Writing Quiz #1: Wordiness

By Mark Nichol

A common stylistic fault is wordiness, using more words than necessary to express a simple thought. The following sentences contain often-heard expressions that contribute to a boring writing style. Edit the sentences to express them in fewer words.

1. As I finished reading the letter, I came to the realization that I had misinterpreted all his actions.

2. Their employer said three workers would be laid off due to the fact that sales had declined.

3. At that point in time the ship had entered the most dangerous part of the passage.

4. I want you to take my dog in the event that I must remain hospitalized.

5. Regardless of the fact that we have been friends for thirty years, I must report this to the police.

————-

Solutions

1.
Original: As I finished reading the letter, I came to the realization that I had misinterpreted all his actions.
Correct : As I finished reading the letter, I realized that I had misinterpreted all his actions.

2.
Original: Their employer said three workers would be laid off due to the fact that sales had declined.
Correct : Their employer said three workers would be laid off because sales had declined.

3.
Original: At that point in time the ship had entered the most dangerous part of the passage.
Correct : Then the ship had entered the most dangerous part of the passage.

4.
Original: I want you to take my dog in the event that I must remain hospitalized.
Correct : I want you to take my dog if I must remain hospitalized.

5.
Original: Regardless of the fact that we have been friends for thirty years, I must report this to the police.
Correct : Although we have been friends for thirty years, I must report this to the police.

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2 Responses to “Writing Quiz #1: Wordiness”

  • Bill

    Those sentences could use a lot more tightening than what’s been done here, and the corrected (“rewritten” might be a better word here as the originals weren’t technically incorrect) version of number 3, “Then the ship had entered the most dangerous part of the passage,” doesn’t sound right. Either “By then the ship had entered the most dangerous part of the passage,” or “Then the ship entered the most dangerous part of the passage,” sounds better to me.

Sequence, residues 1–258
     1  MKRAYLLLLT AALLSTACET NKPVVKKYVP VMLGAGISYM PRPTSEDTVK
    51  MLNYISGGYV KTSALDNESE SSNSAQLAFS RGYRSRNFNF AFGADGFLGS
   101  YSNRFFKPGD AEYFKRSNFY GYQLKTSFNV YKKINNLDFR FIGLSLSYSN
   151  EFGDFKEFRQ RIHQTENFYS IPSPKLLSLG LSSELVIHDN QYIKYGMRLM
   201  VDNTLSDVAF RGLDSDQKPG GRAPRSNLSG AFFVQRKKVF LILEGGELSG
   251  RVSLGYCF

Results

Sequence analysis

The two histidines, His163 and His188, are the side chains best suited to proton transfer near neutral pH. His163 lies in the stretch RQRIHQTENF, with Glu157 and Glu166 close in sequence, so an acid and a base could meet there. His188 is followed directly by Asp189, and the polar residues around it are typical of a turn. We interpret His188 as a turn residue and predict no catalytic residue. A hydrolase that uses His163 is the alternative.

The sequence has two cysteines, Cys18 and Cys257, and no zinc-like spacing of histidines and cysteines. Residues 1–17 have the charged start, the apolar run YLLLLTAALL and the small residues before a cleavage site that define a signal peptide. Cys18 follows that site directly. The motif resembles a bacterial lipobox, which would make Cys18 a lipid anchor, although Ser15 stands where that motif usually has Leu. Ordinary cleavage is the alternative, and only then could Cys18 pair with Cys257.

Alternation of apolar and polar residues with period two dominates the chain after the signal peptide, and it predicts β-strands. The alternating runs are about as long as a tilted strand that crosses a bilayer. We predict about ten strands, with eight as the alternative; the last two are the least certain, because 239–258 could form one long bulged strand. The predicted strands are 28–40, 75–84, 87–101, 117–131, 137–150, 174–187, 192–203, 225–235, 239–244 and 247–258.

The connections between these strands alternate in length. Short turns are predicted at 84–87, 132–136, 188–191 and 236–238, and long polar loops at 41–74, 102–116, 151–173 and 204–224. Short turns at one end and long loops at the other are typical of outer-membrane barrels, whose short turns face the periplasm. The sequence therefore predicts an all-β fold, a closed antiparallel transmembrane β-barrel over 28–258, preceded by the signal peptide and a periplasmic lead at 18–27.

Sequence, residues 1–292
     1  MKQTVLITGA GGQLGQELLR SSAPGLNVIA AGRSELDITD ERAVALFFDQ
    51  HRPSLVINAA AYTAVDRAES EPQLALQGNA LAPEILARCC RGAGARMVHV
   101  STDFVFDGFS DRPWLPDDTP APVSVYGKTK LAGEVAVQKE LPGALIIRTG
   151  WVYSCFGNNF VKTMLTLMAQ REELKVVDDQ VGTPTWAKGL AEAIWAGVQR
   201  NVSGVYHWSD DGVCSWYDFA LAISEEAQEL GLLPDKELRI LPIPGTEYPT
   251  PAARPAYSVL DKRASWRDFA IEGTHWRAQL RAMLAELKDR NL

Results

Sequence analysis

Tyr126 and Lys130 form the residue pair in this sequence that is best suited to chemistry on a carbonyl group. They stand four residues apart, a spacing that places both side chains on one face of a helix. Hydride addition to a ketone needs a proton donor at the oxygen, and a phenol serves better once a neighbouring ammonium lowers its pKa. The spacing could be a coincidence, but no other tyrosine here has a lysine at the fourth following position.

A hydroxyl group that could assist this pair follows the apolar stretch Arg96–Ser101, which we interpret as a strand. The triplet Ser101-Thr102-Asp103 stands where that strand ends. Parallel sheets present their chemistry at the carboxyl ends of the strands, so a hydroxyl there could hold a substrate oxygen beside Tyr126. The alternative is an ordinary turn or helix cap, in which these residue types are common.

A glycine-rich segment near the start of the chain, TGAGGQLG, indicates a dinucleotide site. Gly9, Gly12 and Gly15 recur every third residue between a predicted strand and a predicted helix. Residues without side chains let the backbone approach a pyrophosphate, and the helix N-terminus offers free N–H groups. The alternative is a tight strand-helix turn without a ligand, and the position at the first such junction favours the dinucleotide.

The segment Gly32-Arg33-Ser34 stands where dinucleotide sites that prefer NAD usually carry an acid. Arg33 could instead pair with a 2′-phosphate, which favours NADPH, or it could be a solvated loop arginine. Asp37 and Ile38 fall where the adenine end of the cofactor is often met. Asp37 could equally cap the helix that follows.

• Richard Wheeler

    o Bill’s first point is valid. I eyed the redundant “to the police” in number 5. However, it is enough to point out the major improvements. Besides, as an editor, I wish to tighten up the writer’s style without depriving her of her unique style of thought and expression.
    o Bill’s second point is true. “Then… had entered” sounds ‘off’ because it change tenses, creating a logical error. (What is the grammarian’s term for such an error?)
    o In my worst writing fault (other than being my own editor), I write overly complicated sentences. I do the same thing when speaking. The sentences parse correctly. The information flows logically. But you know it’s bad when even I get lost reading my own writing or when I can’t finish speaking my sentence because… uh, what was I saying?
    oo I think I did a pretty good job, breaking up the preceding sentence.
    oo I often read the advice, “write the way you speak.” No, that’s often very bad advice. Better advice would be, speak the way you know you ought to write. Forcing yourself to think will improve not only your speech, but also the content of your speech.

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